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After another month of faring better financially than budgeted, the MBTA has set aside nearly $71 million in savings since the start of the fiscal year, though officials continue to stick to their plan to cut service on underused lines and consider restoring it later this year.
A recent report also found that the T paid out $82 million in overtime wages last year, despite its budgetary concerns.
The T, which shuttered weekend service on several commuter rail lines and trips on the Charlestown and Hingham ferries starting Saturday, finished November with net revenues of $14.3 million compared to an expected monthly bottom line of negative $5.2 million, General Manager Steve Poftak said. That performance was driven by a combination of decreased spending and better-than-expected sales tax revenue collections, Poftak said.
The surplus revenue will be deposited into a fund the agency created as a bulwark against a massive, pandemic-fueled budget crunch, pushing its balance to $70.8 million. The T will not use that money immediately and will hold it aside until the next fiscal year.
If the rest of fiscal year 2021 — which ends July 1 — plays out as budgeted, the agency will end the spending cycle with $314 million set aside in its temporary savings fund that could get deployed to address an fiscal year 2022 budget gap — estimated at roughly up to $584 million — reverse cuts to bus, rail and ferry service, or effectuate a combination of the two.
Officials at the transit agency had previously aimed to end the fiscal year with between $236 million and $276 million in the deficiency savings bucket to help soften any blow in the next year if ridership is slow to return.
"Right now, if we go according to budget, we'll end up with $314 million available to restore service and fund other operational expenses in [fiscal year 2022]," Poftak said.
Despite the budget woes, a review by the Boston Herald found that the T paid out $82 million dollars in overtime pay to employees in 2020. Fifty employees managed to double or triple their base pay with overtime, 35 workers managed to earn over $100,000 in overtime, and dozens of employees are on track to pad their salaries with six-figure payouts again in 2021, the Herald reported.
In addition, 93 employees earned more than Gov. Charlie Baker through combined salary and overtime pay.
Meanwhile, MBTA General Manager Steve Poftak took a $20,800 bonus on top of his $324,522 salary, according to payroll records.
Like many transit agencies, the MBTA says it has been grappling with a budget crisis inflicted by reduced ridership and fare revenues amid the pandemic. The MBTA Board approved a package of service cuts in December aimed at cutting spending while ridership, still hovering below a third of pre-pandemic levels, is low.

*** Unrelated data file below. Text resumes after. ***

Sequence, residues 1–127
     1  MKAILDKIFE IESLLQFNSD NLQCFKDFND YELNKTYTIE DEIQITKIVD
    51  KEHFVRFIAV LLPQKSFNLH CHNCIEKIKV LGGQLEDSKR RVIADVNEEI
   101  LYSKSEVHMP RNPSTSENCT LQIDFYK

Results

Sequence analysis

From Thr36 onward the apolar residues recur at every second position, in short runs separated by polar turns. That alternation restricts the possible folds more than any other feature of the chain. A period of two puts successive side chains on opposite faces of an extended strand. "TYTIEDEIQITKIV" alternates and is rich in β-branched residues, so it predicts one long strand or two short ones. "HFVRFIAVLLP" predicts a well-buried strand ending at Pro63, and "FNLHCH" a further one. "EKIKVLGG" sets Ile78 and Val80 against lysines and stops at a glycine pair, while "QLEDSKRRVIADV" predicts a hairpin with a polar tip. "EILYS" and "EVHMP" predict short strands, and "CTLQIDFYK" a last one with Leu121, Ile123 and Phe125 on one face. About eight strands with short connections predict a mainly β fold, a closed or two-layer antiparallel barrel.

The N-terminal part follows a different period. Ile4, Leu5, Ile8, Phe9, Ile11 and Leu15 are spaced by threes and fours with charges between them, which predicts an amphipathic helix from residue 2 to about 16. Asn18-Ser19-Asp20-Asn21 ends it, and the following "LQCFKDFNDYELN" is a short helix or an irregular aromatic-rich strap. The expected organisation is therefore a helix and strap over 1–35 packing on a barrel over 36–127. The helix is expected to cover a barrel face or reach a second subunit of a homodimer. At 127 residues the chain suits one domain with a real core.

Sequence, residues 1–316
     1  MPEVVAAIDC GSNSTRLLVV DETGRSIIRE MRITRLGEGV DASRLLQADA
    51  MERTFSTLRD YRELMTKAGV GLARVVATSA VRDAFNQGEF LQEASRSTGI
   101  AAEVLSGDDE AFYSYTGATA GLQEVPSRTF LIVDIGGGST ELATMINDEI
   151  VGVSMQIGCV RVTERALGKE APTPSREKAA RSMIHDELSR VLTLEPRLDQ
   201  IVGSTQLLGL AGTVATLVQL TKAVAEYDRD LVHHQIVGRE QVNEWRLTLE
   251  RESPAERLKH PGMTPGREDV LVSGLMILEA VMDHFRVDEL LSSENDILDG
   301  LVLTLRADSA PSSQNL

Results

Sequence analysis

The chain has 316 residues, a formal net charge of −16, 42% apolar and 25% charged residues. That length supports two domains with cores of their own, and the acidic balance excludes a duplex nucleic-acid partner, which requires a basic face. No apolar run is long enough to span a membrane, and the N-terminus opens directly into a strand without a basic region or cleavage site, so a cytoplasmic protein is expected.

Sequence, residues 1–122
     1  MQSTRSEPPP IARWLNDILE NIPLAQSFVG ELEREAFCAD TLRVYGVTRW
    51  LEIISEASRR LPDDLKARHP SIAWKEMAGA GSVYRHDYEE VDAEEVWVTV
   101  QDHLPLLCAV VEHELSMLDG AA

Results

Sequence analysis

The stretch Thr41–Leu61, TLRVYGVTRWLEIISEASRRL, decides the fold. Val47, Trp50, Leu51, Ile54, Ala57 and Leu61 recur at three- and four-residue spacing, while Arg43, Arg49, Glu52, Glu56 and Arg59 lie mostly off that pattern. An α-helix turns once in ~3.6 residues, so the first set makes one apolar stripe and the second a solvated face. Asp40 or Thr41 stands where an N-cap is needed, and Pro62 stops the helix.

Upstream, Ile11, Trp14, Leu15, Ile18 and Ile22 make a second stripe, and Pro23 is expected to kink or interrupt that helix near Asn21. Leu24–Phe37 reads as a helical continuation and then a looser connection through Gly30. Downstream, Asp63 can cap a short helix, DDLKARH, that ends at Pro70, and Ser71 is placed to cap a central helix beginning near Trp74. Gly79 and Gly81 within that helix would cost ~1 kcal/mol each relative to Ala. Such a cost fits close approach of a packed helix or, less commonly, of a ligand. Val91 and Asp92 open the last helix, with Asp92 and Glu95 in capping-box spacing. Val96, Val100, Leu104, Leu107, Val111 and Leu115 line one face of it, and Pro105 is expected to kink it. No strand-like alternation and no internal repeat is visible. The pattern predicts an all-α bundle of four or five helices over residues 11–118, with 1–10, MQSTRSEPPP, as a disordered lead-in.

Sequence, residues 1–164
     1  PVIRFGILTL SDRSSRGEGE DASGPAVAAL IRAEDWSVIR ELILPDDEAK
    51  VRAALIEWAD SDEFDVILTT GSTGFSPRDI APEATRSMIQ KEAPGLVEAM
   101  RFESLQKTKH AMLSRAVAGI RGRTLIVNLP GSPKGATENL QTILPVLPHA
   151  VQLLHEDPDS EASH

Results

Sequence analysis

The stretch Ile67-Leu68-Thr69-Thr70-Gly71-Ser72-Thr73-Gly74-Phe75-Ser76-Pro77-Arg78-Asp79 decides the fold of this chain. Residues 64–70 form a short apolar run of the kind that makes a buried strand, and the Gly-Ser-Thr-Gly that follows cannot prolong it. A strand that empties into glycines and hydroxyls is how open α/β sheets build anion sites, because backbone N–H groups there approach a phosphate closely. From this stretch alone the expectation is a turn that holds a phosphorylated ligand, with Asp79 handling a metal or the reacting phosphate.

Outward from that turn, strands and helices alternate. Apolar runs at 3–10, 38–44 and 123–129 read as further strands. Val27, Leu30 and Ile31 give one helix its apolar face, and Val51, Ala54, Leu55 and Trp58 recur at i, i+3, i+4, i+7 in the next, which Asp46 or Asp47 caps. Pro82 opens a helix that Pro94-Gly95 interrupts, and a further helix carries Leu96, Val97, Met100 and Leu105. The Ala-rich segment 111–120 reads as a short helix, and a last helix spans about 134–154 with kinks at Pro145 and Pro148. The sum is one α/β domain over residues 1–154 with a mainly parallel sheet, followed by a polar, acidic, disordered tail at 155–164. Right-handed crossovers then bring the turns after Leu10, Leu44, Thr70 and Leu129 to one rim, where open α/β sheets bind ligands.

Many lawmakers and advocates have voiced frustration with the T's budgeting approach, arguing that the smaller number of riders still using the system amid a pandemic depend on it the most and are harmed by the changes.
Transportation advocate Chris Dempsey of Transportation for Massachusetts called the budget woes a “manufactured crisis.” The MBTA is in line to receive $1.1 billion in federal stimulus funds, money that has not been factored into the budget gap.
“They are saving it for a future rainy day. We say this is the rainy day,” Dempsey said.
MBTA spokesman Joe Pesaturo told the Herald that overtime costs were necessary to keep the system running in an unprecedented year.
Overtime spending peaked in 2019 at $96.2 million, the 2020 figure is on par with the 2018 figure of $81.9 million.
Charlie Chieppo of the Pioneer Institute said that the out-of-control overtime shows “a lack of basic respect for taxpayers” from an agency that has been plagued by spending scandals.
The agency will receive at least $250 million in federal funding from the latest stimulus package, and as much as $17 million of that will go toward short-term service restorations. Another $178 million will replenish capital funds that were transferred to cover a shortfall, and the rest will be saved until officials decide service levels in the fiscal year 22 budget.
With reporting from The Associated Press and State House News Service's Chris Lisinski
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